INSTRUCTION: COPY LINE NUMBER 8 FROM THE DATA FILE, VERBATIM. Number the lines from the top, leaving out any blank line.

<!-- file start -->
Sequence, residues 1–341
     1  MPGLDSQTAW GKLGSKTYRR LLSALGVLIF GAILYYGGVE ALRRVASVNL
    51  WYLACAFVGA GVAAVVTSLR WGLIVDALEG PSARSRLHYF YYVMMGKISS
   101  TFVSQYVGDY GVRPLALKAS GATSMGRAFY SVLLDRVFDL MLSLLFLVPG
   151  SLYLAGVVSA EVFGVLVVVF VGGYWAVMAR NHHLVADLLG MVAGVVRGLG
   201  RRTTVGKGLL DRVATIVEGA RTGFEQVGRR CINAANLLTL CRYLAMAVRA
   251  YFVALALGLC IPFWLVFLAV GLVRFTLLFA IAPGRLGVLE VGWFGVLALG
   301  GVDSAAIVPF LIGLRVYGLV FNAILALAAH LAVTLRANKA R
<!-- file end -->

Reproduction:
   301  GVDSAAIVPF LIGLRVYGLV FNAILALAAH LAVTLRANKA R